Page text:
In his new book, What Makes a Terrorist: Economics and the Roots of Terrorism, published by Princeton University Press in September, Alan Krueger takes on a popular myth that economic deprivation and lack of education cause people to turn to terrorism. By analyzing data on global terrorism committed by a range of terrorist groups from 1997 to 2005, Krueger concluded that terrorists are much more likely to be doctors or engineers than laborers. The Bendheim Professor of Economics and Public Policy and an adviser to the National Counter-terrorism Center, Krueger spoke with PAW’s Katherine Federici Greenwood.
Why would a labor economist do research on terrorism?
Labor economics has something to say about occupational choice, and one can think about choosing to become a terrorist as a choice of occupation of sorts. Some people choose to be doctors, some people choose to be engineers, and some terrorists. ... I also have done work on the economics of hate crimes in Germany and found that economic conditions and lack of education don’t have very much to do with the occurrence of hate crimes. I suspected that terrorism might be similar.
What did you find?
Economic circumstances have relatively little to do with participation in terrorism. Countries that have low GDP per capita and high illiteracy are not more likely to be countries that terrorists come from than other countries. I have done research looking at the characteristics of people who joined Hezbollah’s militant wing. ... Both the leaders and the foot soldiers are more likely to have finished high school or college than people from the same areas of Lebanon who are not members of Hezbollah. And they are less likely to come from impoverished families.
Why do you think terrorists are drawn from well-educated, middle-class, and high-income families?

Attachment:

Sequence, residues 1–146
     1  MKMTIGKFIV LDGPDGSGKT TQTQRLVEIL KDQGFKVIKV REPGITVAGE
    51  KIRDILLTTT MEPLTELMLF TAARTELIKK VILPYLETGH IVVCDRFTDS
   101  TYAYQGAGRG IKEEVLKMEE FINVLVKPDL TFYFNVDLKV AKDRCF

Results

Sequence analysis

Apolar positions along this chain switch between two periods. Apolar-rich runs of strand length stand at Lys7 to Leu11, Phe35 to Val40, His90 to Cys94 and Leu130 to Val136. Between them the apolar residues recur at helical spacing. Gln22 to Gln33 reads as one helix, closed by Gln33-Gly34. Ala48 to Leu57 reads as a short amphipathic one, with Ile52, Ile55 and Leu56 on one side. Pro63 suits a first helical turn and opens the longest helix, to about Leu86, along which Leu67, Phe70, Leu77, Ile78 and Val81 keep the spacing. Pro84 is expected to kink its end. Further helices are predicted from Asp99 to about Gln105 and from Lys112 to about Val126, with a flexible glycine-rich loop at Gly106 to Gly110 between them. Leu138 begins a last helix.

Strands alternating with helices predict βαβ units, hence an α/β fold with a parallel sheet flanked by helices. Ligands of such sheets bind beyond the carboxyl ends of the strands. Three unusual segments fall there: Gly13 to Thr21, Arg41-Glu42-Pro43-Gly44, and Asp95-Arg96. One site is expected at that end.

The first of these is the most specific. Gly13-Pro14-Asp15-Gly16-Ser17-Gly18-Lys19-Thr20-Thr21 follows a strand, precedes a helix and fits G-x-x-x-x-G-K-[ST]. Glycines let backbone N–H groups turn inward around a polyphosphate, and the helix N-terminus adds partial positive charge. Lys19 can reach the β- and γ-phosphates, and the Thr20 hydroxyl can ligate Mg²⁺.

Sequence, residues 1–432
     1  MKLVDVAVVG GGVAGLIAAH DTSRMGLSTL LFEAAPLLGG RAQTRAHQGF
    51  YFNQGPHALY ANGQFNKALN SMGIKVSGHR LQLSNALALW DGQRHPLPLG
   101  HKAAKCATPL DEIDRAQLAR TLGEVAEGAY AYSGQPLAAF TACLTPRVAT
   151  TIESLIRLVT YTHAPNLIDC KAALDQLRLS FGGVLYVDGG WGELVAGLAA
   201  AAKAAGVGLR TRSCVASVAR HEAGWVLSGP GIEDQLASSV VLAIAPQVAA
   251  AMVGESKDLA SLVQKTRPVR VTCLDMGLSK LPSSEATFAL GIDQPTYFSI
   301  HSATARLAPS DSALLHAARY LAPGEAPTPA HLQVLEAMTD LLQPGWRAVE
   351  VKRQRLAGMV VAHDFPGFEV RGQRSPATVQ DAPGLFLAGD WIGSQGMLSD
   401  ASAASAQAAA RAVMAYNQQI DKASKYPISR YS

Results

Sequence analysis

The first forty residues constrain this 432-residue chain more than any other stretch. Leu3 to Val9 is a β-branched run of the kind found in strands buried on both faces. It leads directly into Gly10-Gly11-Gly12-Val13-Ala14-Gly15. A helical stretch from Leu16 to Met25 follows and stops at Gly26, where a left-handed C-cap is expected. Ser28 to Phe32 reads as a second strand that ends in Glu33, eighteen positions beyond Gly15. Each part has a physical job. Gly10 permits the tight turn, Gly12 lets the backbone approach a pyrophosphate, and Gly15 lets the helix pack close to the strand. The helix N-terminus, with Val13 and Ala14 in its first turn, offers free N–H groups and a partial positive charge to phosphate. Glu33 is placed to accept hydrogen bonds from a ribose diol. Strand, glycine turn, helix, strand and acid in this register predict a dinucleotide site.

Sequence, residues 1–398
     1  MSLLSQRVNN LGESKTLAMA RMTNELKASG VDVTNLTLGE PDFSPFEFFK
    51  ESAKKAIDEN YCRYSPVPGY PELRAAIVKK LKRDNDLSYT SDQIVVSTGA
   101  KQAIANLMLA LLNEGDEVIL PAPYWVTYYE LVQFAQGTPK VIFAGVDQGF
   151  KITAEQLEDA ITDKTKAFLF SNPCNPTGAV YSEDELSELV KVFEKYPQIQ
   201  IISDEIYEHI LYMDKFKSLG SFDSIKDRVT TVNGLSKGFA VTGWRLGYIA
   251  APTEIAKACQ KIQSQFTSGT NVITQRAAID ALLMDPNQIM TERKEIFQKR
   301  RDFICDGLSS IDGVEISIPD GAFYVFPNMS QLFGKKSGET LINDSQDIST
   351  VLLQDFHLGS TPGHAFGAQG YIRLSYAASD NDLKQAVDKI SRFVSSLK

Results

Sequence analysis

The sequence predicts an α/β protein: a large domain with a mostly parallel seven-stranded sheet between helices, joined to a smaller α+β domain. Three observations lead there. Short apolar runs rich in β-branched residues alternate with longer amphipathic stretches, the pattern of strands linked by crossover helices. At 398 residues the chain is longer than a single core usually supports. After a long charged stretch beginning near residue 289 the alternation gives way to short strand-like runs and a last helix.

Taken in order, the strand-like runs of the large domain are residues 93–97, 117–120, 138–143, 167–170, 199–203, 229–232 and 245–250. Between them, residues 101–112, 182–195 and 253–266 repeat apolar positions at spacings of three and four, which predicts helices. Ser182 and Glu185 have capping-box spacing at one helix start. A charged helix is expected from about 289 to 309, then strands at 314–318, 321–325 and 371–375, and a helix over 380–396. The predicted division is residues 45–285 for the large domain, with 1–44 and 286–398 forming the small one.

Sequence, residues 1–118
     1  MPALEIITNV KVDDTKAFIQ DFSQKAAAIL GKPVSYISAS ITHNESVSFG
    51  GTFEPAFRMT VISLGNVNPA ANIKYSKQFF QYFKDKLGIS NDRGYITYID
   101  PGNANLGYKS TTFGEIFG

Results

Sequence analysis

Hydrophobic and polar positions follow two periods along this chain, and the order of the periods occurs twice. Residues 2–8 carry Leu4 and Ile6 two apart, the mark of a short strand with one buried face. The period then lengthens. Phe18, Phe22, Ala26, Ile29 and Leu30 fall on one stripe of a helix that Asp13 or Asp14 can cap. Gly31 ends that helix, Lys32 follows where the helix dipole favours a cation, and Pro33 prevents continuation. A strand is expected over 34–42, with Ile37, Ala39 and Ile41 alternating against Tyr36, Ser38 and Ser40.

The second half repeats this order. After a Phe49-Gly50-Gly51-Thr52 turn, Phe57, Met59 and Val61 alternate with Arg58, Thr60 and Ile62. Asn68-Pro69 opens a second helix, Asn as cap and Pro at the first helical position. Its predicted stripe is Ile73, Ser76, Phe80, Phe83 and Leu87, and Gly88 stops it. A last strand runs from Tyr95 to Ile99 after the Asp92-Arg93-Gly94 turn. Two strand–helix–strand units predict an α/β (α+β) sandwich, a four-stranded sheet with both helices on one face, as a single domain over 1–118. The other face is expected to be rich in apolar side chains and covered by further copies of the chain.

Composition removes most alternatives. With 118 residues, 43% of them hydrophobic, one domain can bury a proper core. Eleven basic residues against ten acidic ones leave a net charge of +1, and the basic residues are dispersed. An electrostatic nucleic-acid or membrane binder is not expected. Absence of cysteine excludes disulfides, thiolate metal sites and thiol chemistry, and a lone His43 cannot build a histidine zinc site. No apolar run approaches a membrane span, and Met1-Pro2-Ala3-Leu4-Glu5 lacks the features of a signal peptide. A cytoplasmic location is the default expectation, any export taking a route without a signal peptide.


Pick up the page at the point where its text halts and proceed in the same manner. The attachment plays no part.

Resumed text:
The stereotype we have is that participation in terrorism should be like participation in property crime. And who becomes involved in property crime? People who have few opportunities. But a better analogy is toward voting or political protest. Who becomes engaged politically? It tends to be people who are well educated, who have formed strong views, and who are confident enough to act on those views. The terrorist organizations prefer to have more skilled operatives.
How does a country’s degree of civil liberties figure into its supply of terrorists?
The lack of civil liberties is associated with being an origin country for terrorism. A good country to have in mind is Saudi Arabia, which is a wealthy country and has relatively high educational attainment, yet at the same time people from Saudi Arabia have been associated with terrorist attacks. The other thing I found is that the targets of terrorism tend to be wealthier countries, and tend to be democracies, because one goal of terrorists is to change the policies of the groups or nations they target. That is more likely if they attack a country with a democratically elected government.
What are the policy implications, if improving education and reducing poverty won’t stem terrorism?
I’m pessimistic that eradicating poverty and lack of education will have a meaningful effect on terrorism. People sometimes say to me, “This is so disappointing, because all we had to do was solve poverty and we would eliminate terrorism.” ... Half of the world’s population lives on less than $2 a day. If poverty were even a small cause, there would be far more terrorists out there trying to destroy us. At the same time, the United States has a moral obligation, independent of any effect on terrorism, to try to raise living standards around the world.
We should view terrorism as a strategic tactic, one that organizations are using to pursue a particular agenda. So first, we should try to limit the effectiveness of the tactic by keeping the threat in perspective. If the public recognized that the risk of terrorism is relatively small compared to other risks that we face — like everyday driving — that might make it a less effective tactic. Secondly, we have to guard against the more lethal forms of terrorism — such as biological, chemical, and radiological threats — which could be a threat to our way of life. Thirdly, we need to renew our commitment to defending civil liberties both at home and abroad. If you think back to what was motivating Timothy McVeigh and Terry Nichols [the Oklahoma City bombers], they thought the government had overreached. We don’t need to give would-be terrorists reasons to be paranoid.